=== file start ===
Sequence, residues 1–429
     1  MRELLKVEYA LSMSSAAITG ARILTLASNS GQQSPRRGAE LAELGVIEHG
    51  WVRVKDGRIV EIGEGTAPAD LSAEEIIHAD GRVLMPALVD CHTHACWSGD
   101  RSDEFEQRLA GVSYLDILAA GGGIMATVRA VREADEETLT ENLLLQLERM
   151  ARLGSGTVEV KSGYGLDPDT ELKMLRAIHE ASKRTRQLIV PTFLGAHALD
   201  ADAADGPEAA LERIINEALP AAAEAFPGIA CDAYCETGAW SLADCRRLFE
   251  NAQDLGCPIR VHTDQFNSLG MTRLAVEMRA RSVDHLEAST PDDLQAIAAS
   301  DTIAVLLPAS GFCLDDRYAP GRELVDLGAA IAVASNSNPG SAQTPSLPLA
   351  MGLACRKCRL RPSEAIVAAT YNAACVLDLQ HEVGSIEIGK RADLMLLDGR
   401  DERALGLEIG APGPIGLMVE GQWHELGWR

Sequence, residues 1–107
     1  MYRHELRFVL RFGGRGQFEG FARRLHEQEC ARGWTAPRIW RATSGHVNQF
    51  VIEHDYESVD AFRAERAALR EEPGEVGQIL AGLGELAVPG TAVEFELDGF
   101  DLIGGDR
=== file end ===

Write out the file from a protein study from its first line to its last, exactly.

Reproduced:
Sequence, residues 1–429
     1  MRELLKVEYA LSMSSAAITG ARILTLASNS GQQSPRRGAE LAELGVIEHG
    51  WVRVKDGRIV EIGEGTAPAD LSAEEIIHAD GRVLMPALVD CHTHACWSGD
   101  RSDEFEQRLA GVSYLDILAA GGGIMATVRA VREADEETLT ENLLLQLERM
   151  ARLGSGTVEV KSGYGLDPDT ELKMLRAIHE ASKRTRQLIV PTFLGAHALD
   201  ADAADGPEAA LERIINEALP AAAEAFPGIA CDAYCETGAW SLADCRRLFE
   251  NAQDLGCPIR VHTDQFNSLG MTRLAVEMRA RSVDHLEAST PDDLQAIAAS
   301  DTIAVLLPAS GFCLDDRYAP GRELVDLGAA IAVASNSNPG SAQTPSLPLA
   351  MGLACRKCRL RPSEAIVAAT YNAACVLDLQ HEVGSIEIGK RADLMLLDGR
   401  DERALGLEIG APGPIGLMVE GQWHELGWR

Sequence, residues 1–107
     1  MYRHELRFVL RFGGRGQFEG FARRLHEQEC ARGWTAPRIW RATSGHVNQF
    51  VIEHDYESVD AFRAERAALR EEPGEVGQIL AGLGELAVPG TAVEFELDGF
   101  DLIGGDR